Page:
I am a Research and Teaching Fellow in Creativity, Cognition and Material Culture and Tutor in archaeology, anthropology, and human evolution at Keble. Before coming to Oxford, I was a Balzan Research Associate in Cognitive Archaeology at the McDonald Institute, Cambridge University (2005-8), and a graduate student at Darwin College from 2000 to 2005. My research in the archaeology of mind is cross-disciplinary and besides teaching over a broad range of archaeological and anthropological courses I am also responsible for developing the Creativity research cluster at Keble. Creativity is one of a number of identified interdisciplinary research clusters being strongly supported within Keble. It brings together researchers from a range of disciplines including Archaeology, Anthropology, Neuroscience, Literature and Geography.
The broad aim of my work has been to further our understanding of the constitutive intertwining of the mind with the material world by exploring the long-term implications and causal efficacy of innovation and material culture in the functional architecture and evolution of human intelligence. For instance, what implications follow the seemingly unique human predisposition to reconfigure our bodies and extend our senses by using tools and material culture? What can we learn about human Cognitive and Sensory Enhancement (CSE) by looking at the origin of Homo sapiens and the emergence of ‘modern’ human intelligence?
While my work has been largely developed in relation to early human prehistory, it can also be seen as a form of philosophical anthropology trying to investigate contemporary problems in philosophy of mind and cognitive sciences in their broader antropological, historical and evolutionary foundation. For instance, much of my recent work is centered on current interdisciplinary debates on topics such as the extended mind hypothesis, enactive perception, distributed cognition, the emergence of human self, or the so-called human enhancement debate. I have been addressing empirical and theoretical topics extending from early stone tools, personal ornamentation and the ‘exographic’ symbolic technologies of more recent periods, to the latest innovations in neuro-prosthetics and cognitive enhancement. In addition, I have written a number of articles on the impact of material engagement in the emergence of human self-awareness, the development of numerical thinking, symbolism, aesthetics and human creativity.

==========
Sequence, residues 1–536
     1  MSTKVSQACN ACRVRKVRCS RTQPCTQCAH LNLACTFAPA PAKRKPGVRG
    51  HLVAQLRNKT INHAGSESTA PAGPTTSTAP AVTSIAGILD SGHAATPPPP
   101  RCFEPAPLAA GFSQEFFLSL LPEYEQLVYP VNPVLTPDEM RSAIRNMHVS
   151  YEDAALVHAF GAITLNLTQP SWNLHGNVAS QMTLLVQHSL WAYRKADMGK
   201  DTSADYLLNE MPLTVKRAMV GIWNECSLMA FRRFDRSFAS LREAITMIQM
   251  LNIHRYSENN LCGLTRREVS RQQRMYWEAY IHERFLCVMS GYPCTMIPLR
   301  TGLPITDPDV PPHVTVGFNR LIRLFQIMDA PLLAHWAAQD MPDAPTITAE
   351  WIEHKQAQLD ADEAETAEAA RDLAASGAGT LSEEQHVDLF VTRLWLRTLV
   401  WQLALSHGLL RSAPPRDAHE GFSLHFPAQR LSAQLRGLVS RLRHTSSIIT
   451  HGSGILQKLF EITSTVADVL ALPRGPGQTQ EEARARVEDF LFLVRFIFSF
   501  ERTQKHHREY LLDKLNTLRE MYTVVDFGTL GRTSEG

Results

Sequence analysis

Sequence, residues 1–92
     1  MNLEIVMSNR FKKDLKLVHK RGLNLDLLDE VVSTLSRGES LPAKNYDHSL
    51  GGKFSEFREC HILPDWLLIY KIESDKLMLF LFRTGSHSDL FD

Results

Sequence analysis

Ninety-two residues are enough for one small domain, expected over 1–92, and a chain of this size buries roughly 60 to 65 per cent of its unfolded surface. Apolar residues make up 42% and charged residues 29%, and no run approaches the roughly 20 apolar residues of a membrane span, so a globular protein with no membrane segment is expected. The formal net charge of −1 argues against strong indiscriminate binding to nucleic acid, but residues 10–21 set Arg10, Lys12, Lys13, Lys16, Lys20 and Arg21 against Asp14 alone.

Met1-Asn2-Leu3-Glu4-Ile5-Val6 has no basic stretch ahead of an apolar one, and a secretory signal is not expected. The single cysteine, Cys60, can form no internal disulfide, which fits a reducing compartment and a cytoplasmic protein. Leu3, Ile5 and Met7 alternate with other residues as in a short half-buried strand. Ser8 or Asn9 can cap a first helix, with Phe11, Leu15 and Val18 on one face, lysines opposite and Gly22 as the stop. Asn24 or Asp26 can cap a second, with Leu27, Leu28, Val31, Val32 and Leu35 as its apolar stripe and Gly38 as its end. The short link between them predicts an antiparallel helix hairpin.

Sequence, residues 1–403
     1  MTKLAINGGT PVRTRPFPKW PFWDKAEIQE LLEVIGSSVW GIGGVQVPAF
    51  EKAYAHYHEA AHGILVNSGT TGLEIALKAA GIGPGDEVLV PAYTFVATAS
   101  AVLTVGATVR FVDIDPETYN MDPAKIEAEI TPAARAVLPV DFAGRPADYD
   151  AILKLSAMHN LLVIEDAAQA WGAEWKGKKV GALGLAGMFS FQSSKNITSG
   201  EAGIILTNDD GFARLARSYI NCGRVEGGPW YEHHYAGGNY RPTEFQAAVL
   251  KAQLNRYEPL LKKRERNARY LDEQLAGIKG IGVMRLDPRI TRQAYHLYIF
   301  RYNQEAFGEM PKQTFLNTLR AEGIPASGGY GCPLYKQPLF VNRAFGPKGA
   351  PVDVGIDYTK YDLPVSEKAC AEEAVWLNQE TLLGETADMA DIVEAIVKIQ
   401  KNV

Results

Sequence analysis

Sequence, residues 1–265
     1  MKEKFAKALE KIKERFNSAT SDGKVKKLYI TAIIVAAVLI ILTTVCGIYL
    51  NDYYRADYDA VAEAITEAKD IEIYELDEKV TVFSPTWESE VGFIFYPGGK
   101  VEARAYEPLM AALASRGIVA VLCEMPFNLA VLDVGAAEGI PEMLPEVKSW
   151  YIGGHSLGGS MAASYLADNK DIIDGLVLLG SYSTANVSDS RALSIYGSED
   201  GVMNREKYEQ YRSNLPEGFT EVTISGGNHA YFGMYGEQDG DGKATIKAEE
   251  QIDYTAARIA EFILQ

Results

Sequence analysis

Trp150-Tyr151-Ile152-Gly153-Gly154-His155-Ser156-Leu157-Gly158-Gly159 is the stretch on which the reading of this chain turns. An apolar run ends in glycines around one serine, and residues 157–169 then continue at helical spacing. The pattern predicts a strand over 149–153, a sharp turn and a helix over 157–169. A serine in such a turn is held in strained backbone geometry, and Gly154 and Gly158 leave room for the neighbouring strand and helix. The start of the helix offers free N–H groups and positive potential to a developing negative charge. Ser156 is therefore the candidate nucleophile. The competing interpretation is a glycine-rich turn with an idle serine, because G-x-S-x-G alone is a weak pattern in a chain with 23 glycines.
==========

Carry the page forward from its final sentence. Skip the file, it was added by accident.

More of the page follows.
My research approach to the above themes and questions is strictly cross-disciplinary. It bridges perspectives and methods from archaeology, philosophy, anthropology and neuroscience. Taking a long term, comparative approach and focusing on the intersection between neural and cultural plasticity I seek to re-examine a number of ‘common wisdom’ assumptions, on the one hand, about the cognitive life of things, and on the other, about the boundaries, ontology and uniqueness of the human mind.
(I welcome applications for doctoral supervision in these or related areas).